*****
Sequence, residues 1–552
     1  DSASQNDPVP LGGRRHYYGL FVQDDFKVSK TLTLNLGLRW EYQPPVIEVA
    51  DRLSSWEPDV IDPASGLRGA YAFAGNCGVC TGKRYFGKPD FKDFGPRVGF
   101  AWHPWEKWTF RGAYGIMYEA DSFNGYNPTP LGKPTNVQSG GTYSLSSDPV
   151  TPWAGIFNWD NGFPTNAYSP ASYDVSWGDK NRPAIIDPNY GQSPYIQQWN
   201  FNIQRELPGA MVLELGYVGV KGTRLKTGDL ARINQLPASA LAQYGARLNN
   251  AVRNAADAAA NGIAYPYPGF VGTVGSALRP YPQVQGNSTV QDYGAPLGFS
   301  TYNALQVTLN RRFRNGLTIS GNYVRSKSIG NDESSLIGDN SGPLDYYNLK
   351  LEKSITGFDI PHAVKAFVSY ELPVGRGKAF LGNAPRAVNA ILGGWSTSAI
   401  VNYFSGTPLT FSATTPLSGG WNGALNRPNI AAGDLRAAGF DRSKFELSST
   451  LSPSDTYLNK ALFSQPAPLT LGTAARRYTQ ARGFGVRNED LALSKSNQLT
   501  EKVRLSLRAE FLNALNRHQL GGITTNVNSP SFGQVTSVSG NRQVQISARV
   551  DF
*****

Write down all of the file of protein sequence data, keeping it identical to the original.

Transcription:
Sequence, residues 1–552
     1  DSASQNDPVP LGGRRHYYGL FVQDDFKVSK TLTLNLGLRW EYQPPVIEVA
    51  DRLSSWEPDV IDPASGLRGA YAFAGNCGVC TGKRYFGKPD FKDFGPRVGF
   101  AWHPWEKWTF RGAYGIMYEA DSFNGYNPTP LGKPTNVQSG GTYSLSSDPV
   151  TPWAGIFNWD NGFPTNAYSP ASYDVSWGDK NRPAIIDPNY GQSPYIQQWN
   201  FNIQRELPGA MVLELGYVGV KGTRLKTGDL ARINQLPASA LAQYGARLNN
   251  AVRNAADAAA NGIAYPYPGF VGTVGSALRP YPQVQGNSTV QDYGAPLGFS
   301  TYNALQVTLN RRFRNGLTIS GNYVRSKSIG NDESSLIGDN SGPLDYYNLK
   351  LEKSITGFDI PHAVKAFVSY ELPVGRGKAF LGNAPRAVNA ILGGWSTSAI
   401  VNYFSGTPLT FSATTPLSGG WNGALNRPNI AAGDLRAAGF DRSKFELSST
   451  LSPSDTYLNK ALFSQPAPLT LGTAARRYTQ ARGFGVRNED LALSKSNQLT
   501  EKVRLSLRAE FLNALNRHQL GGITTNVNSP SFGQVTSVSG NRQVQISARV
   551  DF